Governor Jerry Brown is expected to sign a measure that would make farm workers eligible for overtime pay after only eight hours per day, instead of the current ten hours. Lobbyists for agricultural workers successfully killed an earlier, similar proposal, but Assembly Bill 1066 passed both the Assembly and the House by relatively wide margins. The measure basically phases out the current ten-hour exemption, so by 2022, all agricultural workers, even those who work at facilities with 25 employees or fewer, will be entitled to overtime after eight hours worked in a day; larger farms must comply by 2019.

Assemblywoman Lorena Gonzalez (D-San Diego) is AB 1066’s prior sponsor. There are fourteen co-sponsors in the Assembly and five in the Senate.

The Effect of California AB 1066

Some agricultural workers have fought AB 1066 out of fear that farm owners will reduce their hours during peak harvest time to avoid paying employees overtime. These workers argue that their fears are legitimate due to California’s minimum increasing to $15 per hour over the next several years. Plus, the rising labor costs could potentially force employers to either lower payroll costs or make cuts in other areas such as health insurance and benefits policies.

But sponsors of AB 1066 say that the reason for the change is that an agricultural exemption currently in Section 554 of the California Labor Code no longer makes sense. They argue that mechanization and automation, especially on larger farms, have largely reduced the “back-breaking” and “physically demanding” nature of the work, so it is proper to treat agricultural employees like all other manufacturing workers.

This issue has been on the legislative agenda for several years. In 2010, then-Governor Arnold Schwarzenegger vetoed a similar measure. In this session, Assembly Bill 2757, which Assemblywoman Gonzalez also authored, faced considerable opposition in the Assembly. A last-minute amendment that extended the phase-in period swayed some votes, but the measure still failed by a razor-thin 38-35 margin.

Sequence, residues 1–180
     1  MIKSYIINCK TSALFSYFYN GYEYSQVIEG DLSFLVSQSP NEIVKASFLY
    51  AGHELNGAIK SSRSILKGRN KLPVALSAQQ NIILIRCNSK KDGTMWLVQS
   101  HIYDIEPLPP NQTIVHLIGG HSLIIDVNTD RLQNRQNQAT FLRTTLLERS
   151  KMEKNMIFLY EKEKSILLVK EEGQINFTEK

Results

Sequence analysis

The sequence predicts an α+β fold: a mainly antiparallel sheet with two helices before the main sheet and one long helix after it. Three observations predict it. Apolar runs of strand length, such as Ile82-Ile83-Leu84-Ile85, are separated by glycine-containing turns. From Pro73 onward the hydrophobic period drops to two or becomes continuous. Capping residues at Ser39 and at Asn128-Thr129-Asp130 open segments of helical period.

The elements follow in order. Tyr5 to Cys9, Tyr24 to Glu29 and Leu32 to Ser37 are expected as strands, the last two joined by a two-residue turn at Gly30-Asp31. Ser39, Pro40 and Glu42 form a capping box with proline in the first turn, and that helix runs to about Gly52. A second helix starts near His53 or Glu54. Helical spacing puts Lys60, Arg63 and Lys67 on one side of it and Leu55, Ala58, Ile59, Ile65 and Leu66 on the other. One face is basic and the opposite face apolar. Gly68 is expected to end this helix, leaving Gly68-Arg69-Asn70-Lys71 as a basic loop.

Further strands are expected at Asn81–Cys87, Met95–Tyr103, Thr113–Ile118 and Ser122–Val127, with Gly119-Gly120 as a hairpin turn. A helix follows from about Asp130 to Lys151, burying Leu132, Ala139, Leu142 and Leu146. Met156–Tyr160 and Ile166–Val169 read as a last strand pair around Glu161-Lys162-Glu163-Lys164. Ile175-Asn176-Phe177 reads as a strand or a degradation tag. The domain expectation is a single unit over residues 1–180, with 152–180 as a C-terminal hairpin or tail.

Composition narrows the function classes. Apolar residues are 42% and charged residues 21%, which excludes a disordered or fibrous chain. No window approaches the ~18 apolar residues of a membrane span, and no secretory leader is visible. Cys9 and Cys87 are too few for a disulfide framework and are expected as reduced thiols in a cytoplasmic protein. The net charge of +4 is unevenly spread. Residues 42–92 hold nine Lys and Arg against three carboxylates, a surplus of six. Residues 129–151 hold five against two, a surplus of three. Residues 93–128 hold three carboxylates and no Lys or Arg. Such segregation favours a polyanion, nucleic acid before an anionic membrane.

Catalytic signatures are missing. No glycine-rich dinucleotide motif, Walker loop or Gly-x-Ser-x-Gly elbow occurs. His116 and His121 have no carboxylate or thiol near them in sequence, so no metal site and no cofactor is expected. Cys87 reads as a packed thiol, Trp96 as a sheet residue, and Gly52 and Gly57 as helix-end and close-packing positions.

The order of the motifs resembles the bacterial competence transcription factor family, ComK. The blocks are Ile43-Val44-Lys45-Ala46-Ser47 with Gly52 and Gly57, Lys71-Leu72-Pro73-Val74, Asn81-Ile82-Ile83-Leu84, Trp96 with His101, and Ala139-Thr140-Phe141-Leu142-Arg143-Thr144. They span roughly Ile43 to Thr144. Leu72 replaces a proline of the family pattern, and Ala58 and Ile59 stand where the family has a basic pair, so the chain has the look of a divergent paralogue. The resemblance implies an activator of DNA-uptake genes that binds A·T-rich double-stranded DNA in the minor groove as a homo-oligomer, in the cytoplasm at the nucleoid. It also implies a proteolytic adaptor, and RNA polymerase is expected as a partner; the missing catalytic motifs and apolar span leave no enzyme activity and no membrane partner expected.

Additional Changes to Overtime Laws in California

Farmers in California are not the only business owners who must deal with new overtime requirements. Earlier this year, the Department of Labor significantly re-worked overtime law for the first time in several decades.

The key difference is that the exemption for administrative, executive, and professional employees essentially doubled, moving from $455 to $913 per week. Going forward, these thresholds will be automatically updated once every three years, to more accurately reflect the 40th percentile of full-time salary workers’ earnings in the lowest-earning Census area. The new rule goes into effect December 1, 2016.

Classification is also an issue under the new rule. The DOL has very specific definitions for what constitutes professional, administrative, and executive work, and the Wage and Hour Division strictly enforces these rules. Although this is an emerging area of law, it is generally illegal to classify employees as independent contractors for the purpose of avoiding overtime payments or short-circuiting collective bargaining ability.

Basically, both employees and employers have a choice. Salaried workers have consistent incomes and have some additional legal protections; for example, in most cases, if a salaried employee works any portion of a day, it is considered a full day for compensation purposes. However, during peak periods, hourly workers can earn considerably higher pay. This is especially true in a jurisdiction like California, where workers become eligible for overtime after eight hours worked in a day as opposed to forty hours worked in a week.

California AB 1066: For Further Reading

  • California AB 1066: Full Bill Text
  • California AB 1066: Bill Analysis
  • California farm workers could see overtime expanded in the next decade after historic Assembly vote via
  • Overtime bill a precedent. Victory for farm workers. via

If you feel your employer is violating California overtime laws, rest assured that federal and state labor laws can protect your rights. Contact the Los Angeles employment attorneys at Hennig Ruiz to discuss your options today.